2020-03-17
MNLEND logo.

Hosting a film series and discussions exploring cultural responses to autism. Asking families what services they need most. Evaluating and expanding a promising mentoring program.

These are just a few of MNLEND’s fellowship projects for 2019–20, marking a decade since the program’s inception. An interdisciplinary partnership of the University of Minnesota, MNLEND (Leadership Education in Neurodevelopmental Disabilities) brings together ICI, the College of Education + Human Development’s Educational Psychology Department, the School of Medicine’s Department of Pediatrics, and the College of Liberal Arts’ Department of Speech Language and Hearing Sciences.

The program also collaborates each academic year with a variety of other departments to train a cohort of fellows from the community at large and graduate programs across the university community, with the goal of creating the next generation of interdisciplinary leaders who will improve health and education outcomes for people with neurodevelopmental and related disabilities.

As part of the experience, LEND fellows select and lead a project that matches their specific interests.

Fellows Chong Yang and Mariam Adam wanted to start conversations about autism in their Hmong and Somali communities. They worked on a community outreach team that will host screenings and a discussion of the ICI-produced film On the Autism Spectrum. [Originally scheduled for April, the screenings will be rescheduled when COVID-19 is no longer a public health concern.] The films, produced in the language of their communities with parents, health professionals, educators and community leaders, address stigma around autism in diverse communities.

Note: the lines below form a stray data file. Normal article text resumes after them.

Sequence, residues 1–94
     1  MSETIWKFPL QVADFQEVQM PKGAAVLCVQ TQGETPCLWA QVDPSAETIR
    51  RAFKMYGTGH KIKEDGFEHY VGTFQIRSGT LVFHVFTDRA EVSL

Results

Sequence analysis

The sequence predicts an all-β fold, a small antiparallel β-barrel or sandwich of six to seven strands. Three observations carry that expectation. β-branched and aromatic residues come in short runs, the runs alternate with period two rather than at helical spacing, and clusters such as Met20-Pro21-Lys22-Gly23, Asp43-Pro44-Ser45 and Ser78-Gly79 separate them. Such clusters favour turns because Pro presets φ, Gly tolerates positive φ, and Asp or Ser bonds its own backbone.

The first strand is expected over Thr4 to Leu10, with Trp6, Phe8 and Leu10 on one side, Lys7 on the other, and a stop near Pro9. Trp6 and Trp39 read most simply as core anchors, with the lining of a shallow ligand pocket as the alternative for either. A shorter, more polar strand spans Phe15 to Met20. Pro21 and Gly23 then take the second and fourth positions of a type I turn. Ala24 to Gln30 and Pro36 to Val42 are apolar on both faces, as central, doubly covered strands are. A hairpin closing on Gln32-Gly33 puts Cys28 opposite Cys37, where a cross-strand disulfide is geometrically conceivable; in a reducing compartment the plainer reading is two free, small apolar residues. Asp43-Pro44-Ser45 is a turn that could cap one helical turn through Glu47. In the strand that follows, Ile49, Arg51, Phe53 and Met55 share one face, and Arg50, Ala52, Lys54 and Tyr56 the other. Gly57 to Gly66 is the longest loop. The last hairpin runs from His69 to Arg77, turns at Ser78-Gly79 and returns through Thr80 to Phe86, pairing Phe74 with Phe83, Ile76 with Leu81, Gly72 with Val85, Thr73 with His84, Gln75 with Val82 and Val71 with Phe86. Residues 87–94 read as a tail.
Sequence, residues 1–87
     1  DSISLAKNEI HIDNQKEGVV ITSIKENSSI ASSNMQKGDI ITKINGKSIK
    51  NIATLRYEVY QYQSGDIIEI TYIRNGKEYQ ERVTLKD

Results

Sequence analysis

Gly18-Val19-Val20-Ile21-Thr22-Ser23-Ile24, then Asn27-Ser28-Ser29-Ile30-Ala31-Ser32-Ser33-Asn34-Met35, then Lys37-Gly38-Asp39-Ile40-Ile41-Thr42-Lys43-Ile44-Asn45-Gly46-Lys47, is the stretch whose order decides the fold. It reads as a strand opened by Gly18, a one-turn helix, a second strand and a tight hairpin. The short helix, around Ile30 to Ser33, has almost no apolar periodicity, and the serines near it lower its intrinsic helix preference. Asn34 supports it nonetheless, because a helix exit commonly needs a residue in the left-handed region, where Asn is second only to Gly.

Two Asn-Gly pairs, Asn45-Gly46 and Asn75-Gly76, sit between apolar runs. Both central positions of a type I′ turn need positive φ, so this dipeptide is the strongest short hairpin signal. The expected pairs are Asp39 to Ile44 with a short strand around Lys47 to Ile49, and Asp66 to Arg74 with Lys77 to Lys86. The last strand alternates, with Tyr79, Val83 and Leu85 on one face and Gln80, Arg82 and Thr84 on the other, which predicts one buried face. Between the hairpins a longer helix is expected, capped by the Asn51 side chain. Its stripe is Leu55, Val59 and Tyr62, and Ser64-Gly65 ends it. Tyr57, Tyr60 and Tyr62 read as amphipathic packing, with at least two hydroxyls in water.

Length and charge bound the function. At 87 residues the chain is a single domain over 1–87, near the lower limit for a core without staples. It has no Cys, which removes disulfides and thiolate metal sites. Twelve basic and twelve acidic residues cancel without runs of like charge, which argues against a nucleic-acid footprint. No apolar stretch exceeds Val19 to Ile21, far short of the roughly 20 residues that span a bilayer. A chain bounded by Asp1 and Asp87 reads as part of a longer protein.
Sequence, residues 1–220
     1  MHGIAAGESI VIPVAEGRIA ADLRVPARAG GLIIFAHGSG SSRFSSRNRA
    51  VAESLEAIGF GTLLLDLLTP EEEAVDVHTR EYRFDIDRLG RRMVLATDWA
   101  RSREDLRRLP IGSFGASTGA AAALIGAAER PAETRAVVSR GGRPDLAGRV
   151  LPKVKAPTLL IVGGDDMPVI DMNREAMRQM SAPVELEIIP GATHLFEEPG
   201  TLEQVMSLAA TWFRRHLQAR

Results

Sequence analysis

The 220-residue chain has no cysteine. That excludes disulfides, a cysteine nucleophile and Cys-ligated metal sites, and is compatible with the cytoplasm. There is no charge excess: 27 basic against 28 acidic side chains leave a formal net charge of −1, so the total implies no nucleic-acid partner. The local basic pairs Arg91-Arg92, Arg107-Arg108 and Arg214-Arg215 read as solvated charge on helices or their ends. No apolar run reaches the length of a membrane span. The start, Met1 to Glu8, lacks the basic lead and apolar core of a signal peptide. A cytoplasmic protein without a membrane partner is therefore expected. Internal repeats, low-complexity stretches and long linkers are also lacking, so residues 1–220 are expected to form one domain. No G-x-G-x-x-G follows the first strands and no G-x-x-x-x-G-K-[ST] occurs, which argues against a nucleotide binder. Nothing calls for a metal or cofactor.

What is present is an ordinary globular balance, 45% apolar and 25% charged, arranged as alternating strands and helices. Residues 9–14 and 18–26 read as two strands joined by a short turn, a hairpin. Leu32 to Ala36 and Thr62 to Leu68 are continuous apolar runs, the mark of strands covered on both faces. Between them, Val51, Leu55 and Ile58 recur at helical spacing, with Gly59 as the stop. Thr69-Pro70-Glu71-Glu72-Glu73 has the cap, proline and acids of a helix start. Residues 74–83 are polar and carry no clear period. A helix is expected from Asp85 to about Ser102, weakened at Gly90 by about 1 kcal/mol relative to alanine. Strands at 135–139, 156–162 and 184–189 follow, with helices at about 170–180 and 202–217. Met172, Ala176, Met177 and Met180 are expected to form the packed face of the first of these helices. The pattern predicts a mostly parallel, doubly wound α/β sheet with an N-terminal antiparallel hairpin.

“Awareness about autism is growing in the Hmong community as parents are having more experiences with it, but it’s still not talked about a lot,” said Yang, who grew up with a sibling with a disability and now works as a charter school paraprofessional. “Growing up, autism and other disabilities weren’t discussed. We should all be OK talking about it.”

Another project, begun in the 2018–19 cohort year by fellow Stacey Brandjord, developed a needs assessment survey for families of children with autism who do not use words to communicate. It generated more than 700 responses and found significant unmet service needs.

Amy Esler, associate professor of pediatrics at University of Minnesota, is continuing to serve as a mentor on this work, collaborating with current fellows Charlie Davis and Madison Blair to analyze the survey findings, present the work at national conferences and prepare the data for publication.

“We were looking for patterns in services families say they need and weren’t able to access,” said Esler. “Among the most common were social skills training, daily living skills and speech language therapy. Many of the services are ones that aren’t covered by insurance.”

In another project, led by University of Minnesota pediatric neuropsychologist Rebekah Hudock, fellows are collecting feedback and measuring outcomes of a community mentorship program in the Bloomington Public Schools system that pairs adolescents and adults with autism.

“All of this year’s LEND projects represent steps forward, not only in our understanding of autism, but in the sharing of that knowledge across a wide spectrum of communities and professions,” said Rebecca Dosch Brown, MNLEND program director.